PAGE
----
I had an embarrassing revelation while playing the first level of Fallout Tactics. I've never before finished the first level of Fallout Tactics. It's especially embarrassing because this is one of my first PC games. A decade ago, I bought a two disc set with Fallout and Fallout 2, played them, loved them, and wanted more. So when I saw Fallout Tactics, it was like "score! more Fallout! yoink!" But then I got it home, installed it, and apparently only played the first level.
It's funny the tricks memory plays on you. I knew, going in, that I had not finished the game, but I think I assumed that I'd gotten farther than I had. If I were inclined to search for deeper meaning in this anecdote (and I think, by now, my regular readers will realize that I am), I might speculate that this is part of a larger overall pattern. Clearly, my buying video games for flimsy reasons and then not playing them habit was not, in fact, the novel innovation I thought it was, but in fact something that was part of my gaming makeup from the very beginning. So maybe I shouldn't be so hard on myself (or perhaps I should be harder on my younger self).
However, an alternate explanation presents itself. It could be that Fallout Tactics simply does not put its best foot forward when presenting a new player with the opening level. The story of the game, as told in the intro cinematic, is that the Brotherhood of Steel recently had an ideological dispute between those who wanted to recruit new blood from outside the order and those who wanted to keep the order pure. The purists won, and sent the dissenters out on a shit assignment to the American mid-west to chase down the remnants of the Master's army (though one would think that after a factional dispute regarding the Brotherhood's limited number, the conservative side would be less than eager to sacrifice personnel its own policies made irreplaceable). During the expedition, disaster struck (because of course it did) and the renegades were cut off from communication with the main order, forced to survive on their own, but free to pursue their own vision for the Brotherhood's future.
You, the player, control a squad of new recruits, tribal conscripts straight out of basic training with no particularly special equipment. Your first mission is to take down a bandit leader who has taken over a small village. The hope is that by liberating the villagers, they will come to see the benefits of the Brotherhood's protection, and supply the order with resources and recruits.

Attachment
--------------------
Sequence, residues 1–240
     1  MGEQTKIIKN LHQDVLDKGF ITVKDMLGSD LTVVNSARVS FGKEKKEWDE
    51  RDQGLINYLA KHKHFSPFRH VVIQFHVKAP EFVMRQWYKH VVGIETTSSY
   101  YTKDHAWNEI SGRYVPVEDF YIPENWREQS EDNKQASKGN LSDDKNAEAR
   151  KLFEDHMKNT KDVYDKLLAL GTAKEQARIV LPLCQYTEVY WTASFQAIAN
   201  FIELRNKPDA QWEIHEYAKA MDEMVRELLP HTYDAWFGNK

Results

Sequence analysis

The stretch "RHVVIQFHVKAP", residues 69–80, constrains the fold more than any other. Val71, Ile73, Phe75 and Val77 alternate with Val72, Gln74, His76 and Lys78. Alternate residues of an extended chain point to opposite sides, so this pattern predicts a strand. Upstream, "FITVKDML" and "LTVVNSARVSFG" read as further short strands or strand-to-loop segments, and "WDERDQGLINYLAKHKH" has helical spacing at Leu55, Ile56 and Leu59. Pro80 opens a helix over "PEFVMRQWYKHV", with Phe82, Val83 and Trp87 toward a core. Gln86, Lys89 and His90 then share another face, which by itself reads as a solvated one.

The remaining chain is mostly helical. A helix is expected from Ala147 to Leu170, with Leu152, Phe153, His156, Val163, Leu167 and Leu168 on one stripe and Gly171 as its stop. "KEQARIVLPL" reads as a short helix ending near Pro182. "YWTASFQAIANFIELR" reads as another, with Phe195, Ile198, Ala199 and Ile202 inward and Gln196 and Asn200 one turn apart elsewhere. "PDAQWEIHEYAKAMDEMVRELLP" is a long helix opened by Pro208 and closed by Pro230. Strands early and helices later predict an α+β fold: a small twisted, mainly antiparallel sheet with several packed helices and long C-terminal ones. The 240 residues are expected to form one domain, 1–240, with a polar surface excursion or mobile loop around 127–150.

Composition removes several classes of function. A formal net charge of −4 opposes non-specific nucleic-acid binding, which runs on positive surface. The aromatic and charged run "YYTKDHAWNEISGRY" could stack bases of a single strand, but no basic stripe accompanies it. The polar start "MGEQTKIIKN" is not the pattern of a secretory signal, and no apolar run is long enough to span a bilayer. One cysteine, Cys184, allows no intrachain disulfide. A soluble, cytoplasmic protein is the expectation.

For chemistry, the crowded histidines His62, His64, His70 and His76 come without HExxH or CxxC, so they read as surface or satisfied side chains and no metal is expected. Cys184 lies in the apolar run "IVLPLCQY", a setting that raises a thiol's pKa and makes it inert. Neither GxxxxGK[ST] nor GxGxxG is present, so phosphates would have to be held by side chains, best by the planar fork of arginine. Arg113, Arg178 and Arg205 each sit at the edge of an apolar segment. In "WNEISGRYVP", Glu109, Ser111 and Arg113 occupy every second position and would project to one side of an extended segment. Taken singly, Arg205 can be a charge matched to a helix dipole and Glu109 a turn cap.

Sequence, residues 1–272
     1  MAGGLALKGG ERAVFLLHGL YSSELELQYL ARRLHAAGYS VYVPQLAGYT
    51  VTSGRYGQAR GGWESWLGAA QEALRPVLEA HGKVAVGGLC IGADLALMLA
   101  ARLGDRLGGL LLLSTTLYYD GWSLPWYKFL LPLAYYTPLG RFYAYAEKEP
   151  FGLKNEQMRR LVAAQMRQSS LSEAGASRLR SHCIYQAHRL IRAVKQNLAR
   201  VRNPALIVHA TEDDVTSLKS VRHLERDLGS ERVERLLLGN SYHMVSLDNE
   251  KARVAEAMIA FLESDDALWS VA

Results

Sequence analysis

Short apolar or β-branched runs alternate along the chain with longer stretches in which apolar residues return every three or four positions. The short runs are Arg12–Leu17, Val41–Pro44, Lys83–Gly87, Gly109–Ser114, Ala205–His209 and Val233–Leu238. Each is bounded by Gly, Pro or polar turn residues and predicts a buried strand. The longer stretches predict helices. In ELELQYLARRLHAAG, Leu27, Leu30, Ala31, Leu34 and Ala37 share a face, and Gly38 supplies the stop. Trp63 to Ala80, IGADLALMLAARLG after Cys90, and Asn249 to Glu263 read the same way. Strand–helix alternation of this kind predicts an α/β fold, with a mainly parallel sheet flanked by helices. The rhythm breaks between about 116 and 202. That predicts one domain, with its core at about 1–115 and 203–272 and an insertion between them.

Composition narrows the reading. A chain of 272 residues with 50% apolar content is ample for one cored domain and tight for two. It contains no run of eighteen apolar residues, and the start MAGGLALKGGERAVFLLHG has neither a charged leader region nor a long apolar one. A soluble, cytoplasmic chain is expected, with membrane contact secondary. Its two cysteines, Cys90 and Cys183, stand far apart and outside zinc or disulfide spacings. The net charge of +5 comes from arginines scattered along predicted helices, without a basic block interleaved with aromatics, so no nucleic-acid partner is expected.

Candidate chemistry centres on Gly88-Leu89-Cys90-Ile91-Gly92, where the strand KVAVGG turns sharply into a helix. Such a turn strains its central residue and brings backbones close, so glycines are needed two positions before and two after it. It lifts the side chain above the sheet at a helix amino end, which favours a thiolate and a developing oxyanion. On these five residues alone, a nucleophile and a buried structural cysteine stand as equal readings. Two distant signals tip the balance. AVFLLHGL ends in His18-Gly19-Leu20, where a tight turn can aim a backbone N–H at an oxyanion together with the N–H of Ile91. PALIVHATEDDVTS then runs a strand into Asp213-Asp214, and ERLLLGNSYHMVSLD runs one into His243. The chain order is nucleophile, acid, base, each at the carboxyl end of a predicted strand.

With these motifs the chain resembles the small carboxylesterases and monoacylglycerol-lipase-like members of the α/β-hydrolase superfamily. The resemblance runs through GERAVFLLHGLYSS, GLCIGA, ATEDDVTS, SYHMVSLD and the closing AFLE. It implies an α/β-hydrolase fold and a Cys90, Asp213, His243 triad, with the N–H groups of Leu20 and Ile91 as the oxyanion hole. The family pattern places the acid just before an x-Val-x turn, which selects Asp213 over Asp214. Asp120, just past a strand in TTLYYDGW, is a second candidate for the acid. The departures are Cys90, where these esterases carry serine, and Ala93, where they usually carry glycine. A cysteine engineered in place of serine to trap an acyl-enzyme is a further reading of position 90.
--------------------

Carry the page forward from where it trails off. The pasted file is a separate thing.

However, the village you have to protect is just this huge, mostly empty map. None of the villagers say anything particularly fun or memorable, and the actual combat is slow, yet unpredictable. I was mostly able to cut through the enemy troops with little difficulty, but like the other Fallout games, a single critical hit was enough to ruin my day. So, you have Fallout with none of its characteristic humor or freedom to explore, with a group of blandly generic characters, taking on a deep but swingy combat system that is not exactly newb-friendly. Not an auspicious start to the game.
Yet I'm not willing to simply write off the game after one level. It is possible that after some time customizing my squat (which is modeled with a truncated, by still quite detailed version of the S.P.E.C.I.A.L. system) and acquiring high-tech brotherhood weapons that I may come to view them with a proprietary fondness. It's also possible that future missions will be less generic, and that the game's story may have twists and turns that will come to captivate me (the first boss, Horus, seemed to view the Brotherhood as just another wasteland gang, so maybe the game will be a deeply ambiguous meditation on the morality of war, and the useful lies we tell ourselves to be able to countenance the most inhuman violence - or maybe it was just one of those bullshit lines that rpg villains occasionally spew out - only time will tell).
Though I'm a bit miffed at this game (seriously, that opening level was distressingly long), I also feel a kind of sympathy with it. It's the forgotten middle child of the Fallout series. Not as brilliantly ambitious as its predecessors, nor as polished and charismatic as the games to follow. It's just a weird little turn-based strategy game that tries to explore the limits of the Fallout engine (I'm still undecided on the merits of its continuous turn mode - I'll comment more about it in a later post) without (apparently) the same world-building and storytelling as its rpg siblings. Its unfair of me to view it as a roadblock standing in the way of Fallout 3. It is its own thing, and I should treat it accordingly.
(I just worry that I may not like this thing very much).